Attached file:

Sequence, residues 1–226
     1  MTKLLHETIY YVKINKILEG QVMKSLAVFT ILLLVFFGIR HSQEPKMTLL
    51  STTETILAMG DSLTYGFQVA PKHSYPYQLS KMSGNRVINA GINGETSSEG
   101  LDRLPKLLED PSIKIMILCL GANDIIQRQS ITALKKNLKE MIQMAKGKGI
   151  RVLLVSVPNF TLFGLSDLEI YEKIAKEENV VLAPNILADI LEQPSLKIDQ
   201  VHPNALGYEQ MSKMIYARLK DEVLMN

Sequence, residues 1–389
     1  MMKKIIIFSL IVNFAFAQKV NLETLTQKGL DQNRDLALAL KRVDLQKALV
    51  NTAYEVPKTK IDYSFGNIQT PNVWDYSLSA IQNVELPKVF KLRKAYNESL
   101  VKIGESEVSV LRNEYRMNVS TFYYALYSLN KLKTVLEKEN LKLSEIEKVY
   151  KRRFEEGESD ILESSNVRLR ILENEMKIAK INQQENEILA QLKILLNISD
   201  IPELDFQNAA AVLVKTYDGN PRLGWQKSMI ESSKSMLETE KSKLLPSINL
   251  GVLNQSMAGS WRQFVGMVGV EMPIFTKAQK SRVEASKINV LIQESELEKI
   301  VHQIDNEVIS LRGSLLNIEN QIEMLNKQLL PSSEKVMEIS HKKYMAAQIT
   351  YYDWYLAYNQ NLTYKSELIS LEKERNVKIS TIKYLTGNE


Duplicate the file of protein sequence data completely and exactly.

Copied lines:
Sequence, residues 1–226
     1  MTKLLHETIY YVKINKILEG QVMKSLAVFT ILLLVFFGIR HSQEPKMTLL
    51  STTETILAMG DSLTYGFQVA PKHSYPYQLS KMSGNRVINA GINGETSSEG
   101  LDRLPKLLED PSIKIMILCL GANDIIQRQS ITALKKNLKE MIQMAKGKGI
   151  RVLLVSVPNF TLFGLSDLEI YEKIAKEENV VLAPNILADI LEQPSLKIDQ
   201  VHPNALGYEQ MSKMIYARLK DEVLMN

Sequence, residues 1–389
     1  MMKKIIIFSL IVNFAFAQKV NLETLTQKGL DQNRDLALAL KRVDLQKALV
    51  NTAYEVPKTK IDYSFGNIQT PNVWDYSLSA IQNVELPKVF KLRKAYNESL
   101  VKIGESEVSV LRNEYRMNVS TFYYALYSLN KLKTVLEKEN LKLSEIEKVY
   151  KRRFEEGESD ILESSNVRLR ILENEMKIAK INQQENEILA QLKILLNISD
   201  IPELDFQNAA AVLVKTYDGN PRLGWQKSMI ESSKSMLETE KSKLLPSINL
   251  GVLNQSMAGS WRQFVGMVGV EMPIFTKAQK SRVEASKINV LIQESELEKI
   301  VHQIDNEVIS LRGSLLNIEN QIEMLNKQLL PSSEKVMEIS HKKYMAAQIT
   351  YYDWYLAYNQ NLTYKSELIS LEKERNVKIS TIKYLTGNE